Some nights, we have the road to ourselves and the radio sings only for us. We play our shows and tear-ass out. Tonight, it was this little dive bar in a town we took to calling East Motherless. But we play, no matter. We rock and then we roll. The soundcheck and the fury, the power chord and the glory. Then we load our gear into a muddy-brown Merc with a little trailer behind, and we re off. Slinging gravel, filling sky with road.All his life, Luther Gaunt has heard songs in his head -- songs of sweet evil and blue ruckus, odes to ghosts, drinking hymns. In search of his past, he hits the road with his band, the Long Gone Daddies, and his grandfather's cursed guitar, Cassie.
While his band mates just want to make it big when they get to Memphis, Luther retraces the steps of his father and grandfather, who each made the same journey with the same guitar years earlier. Malcolm Gaunt could have been Elvis -- that white man who could sing black -- except his rounder's ways got him shot before he could strike that first note for Sam Phillips at Sun Records. At least that's what Luther's father -- Malcolm's son -- always told him, before he made like smoke when fame came calling and disappeared down south, too.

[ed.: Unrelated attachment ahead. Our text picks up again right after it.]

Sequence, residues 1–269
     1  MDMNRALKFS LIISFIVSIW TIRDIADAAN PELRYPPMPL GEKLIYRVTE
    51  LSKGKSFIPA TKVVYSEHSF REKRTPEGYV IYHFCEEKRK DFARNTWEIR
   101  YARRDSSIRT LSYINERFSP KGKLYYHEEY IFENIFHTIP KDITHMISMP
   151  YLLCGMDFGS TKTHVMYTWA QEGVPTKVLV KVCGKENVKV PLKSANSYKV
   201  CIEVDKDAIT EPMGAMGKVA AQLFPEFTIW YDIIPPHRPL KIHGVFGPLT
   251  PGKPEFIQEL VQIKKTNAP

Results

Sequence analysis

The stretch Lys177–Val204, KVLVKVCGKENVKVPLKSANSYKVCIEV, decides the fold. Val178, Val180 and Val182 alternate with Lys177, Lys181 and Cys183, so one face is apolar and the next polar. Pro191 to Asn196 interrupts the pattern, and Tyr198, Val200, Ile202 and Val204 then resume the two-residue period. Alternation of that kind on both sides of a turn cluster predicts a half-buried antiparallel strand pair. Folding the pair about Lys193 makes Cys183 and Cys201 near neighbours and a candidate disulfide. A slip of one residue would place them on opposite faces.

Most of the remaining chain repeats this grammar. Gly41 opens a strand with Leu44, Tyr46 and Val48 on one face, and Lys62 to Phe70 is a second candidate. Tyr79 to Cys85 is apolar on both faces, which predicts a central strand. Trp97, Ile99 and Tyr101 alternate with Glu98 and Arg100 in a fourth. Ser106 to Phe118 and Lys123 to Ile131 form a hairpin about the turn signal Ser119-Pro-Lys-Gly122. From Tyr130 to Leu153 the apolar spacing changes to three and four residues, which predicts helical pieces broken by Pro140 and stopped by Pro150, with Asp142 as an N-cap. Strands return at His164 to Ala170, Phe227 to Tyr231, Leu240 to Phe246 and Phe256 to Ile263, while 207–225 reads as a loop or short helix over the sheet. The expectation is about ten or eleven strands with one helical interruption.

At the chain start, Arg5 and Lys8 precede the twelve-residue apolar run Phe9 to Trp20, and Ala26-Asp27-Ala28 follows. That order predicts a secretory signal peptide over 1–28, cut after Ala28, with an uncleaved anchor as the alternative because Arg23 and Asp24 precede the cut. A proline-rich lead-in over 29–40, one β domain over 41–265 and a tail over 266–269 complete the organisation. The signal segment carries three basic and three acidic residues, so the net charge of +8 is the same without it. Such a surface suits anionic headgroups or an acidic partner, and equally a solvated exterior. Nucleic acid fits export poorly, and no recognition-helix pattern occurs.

As Luther discovers the truth about the two generations of musicians that came before him, he must face the ghosts of history, the temptations of the road, and the fame cravings of a seriously treacherous woman named Delia, who, it turns out, can sing like an angel forsaken.
Long Gone Daddies is lyrically written and accessible as a hook-filled favorite song, and proves that the people who struggle the most are invariably the most interesting -- the most noble -- whether they succeed or not.